At least two approaches offer themselves to this question.
The first is to produce a list of one right to know after another. We list our intuitions or what there is a broad consensus about in our society. Your examples fit this approach. Much may be said for it. Against it is the danger that we finish up with a disconnected heap of rights to know without any unifying theoretical basis. This is perhaps all we can get, so my observations so far are not presented dismissively.
But let's try, which I think you want, to see if a more systematic list can be delivered.
1.I have a right to know that p if you have a duty to give me the corresponding information, which you possess accidentally. We stand in no particular relationship but you happen to know something you have a duty to tell me. You may by chance, for instance, have discovered that I am radically misinformed about a matter of vital concern to me, e.g. my imminent betrayal by a business partner whom I trust.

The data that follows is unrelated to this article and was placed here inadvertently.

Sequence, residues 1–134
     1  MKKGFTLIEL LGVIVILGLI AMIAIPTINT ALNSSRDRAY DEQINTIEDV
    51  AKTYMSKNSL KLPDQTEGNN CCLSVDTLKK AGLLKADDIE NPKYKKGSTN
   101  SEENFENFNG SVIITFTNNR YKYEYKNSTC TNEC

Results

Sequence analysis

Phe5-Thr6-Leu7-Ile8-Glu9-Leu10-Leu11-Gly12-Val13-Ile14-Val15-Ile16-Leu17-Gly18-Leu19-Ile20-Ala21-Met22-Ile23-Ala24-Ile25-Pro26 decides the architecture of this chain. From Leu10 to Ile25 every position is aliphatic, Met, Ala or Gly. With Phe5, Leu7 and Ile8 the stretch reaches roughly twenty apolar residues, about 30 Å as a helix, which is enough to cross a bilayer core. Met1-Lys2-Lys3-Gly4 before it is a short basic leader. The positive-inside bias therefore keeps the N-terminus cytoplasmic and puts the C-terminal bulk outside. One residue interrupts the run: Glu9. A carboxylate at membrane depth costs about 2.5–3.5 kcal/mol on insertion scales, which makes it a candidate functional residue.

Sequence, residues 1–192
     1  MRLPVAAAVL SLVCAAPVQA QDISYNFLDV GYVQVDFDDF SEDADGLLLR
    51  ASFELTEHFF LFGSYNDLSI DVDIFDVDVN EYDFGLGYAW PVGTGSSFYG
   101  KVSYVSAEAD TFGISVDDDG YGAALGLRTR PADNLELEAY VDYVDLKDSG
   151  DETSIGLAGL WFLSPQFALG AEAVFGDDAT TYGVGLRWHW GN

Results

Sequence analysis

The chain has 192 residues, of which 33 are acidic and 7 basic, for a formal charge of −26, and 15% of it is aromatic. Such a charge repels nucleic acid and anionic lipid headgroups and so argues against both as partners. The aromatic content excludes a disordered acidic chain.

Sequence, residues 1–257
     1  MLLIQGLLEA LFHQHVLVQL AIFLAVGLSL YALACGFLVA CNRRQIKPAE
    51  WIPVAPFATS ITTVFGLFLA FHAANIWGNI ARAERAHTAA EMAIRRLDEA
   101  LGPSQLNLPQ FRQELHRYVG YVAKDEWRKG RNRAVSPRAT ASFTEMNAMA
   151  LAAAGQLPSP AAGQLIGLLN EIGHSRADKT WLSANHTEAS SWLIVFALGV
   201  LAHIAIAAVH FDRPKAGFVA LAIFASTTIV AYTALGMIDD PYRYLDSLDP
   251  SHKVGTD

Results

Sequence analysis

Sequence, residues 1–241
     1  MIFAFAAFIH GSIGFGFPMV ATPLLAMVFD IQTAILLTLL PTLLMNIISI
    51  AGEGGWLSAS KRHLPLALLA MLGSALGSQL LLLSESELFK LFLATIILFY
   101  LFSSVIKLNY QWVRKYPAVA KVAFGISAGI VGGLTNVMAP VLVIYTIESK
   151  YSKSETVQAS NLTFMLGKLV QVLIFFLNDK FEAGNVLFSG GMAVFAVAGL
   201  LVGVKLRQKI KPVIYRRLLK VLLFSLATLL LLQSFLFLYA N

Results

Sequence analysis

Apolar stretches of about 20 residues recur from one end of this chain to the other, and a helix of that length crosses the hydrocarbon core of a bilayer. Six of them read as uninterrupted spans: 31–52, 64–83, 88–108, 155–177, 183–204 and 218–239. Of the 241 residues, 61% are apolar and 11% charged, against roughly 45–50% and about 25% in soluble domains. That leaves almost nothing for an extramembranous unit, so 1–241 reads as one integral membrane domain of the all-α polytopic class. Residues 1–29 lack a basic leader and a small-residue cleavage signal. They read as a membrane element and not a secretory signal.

2.I have a right to know that p if someone with a special obligation to tell me the truth knows that p. If my consultant knows that I have prostate cancer, then I have a right to know that p from this special-relationship person.
3.I have a right to know that p if not knowing that p significantly reduces the lifeplan options and alternatives available me.
What unites these cases is that they all involve, if in different ways, my interests - a workable but not crystal-clear and unambiguous concept. A missing factor is 'who has the obligation to fulfill my right to know that p?' In one case there is no special relationship with the person who has the duty to tell; in another, there is precisely such a relationship; and in the last there is no obvious agent whose duty it is to fulfil my right to know unless we invoke the ultimate pseudo-agent of 'society'.
This answer is tentative and incomplete. I would do better if I could. Most likely others will supply my defects.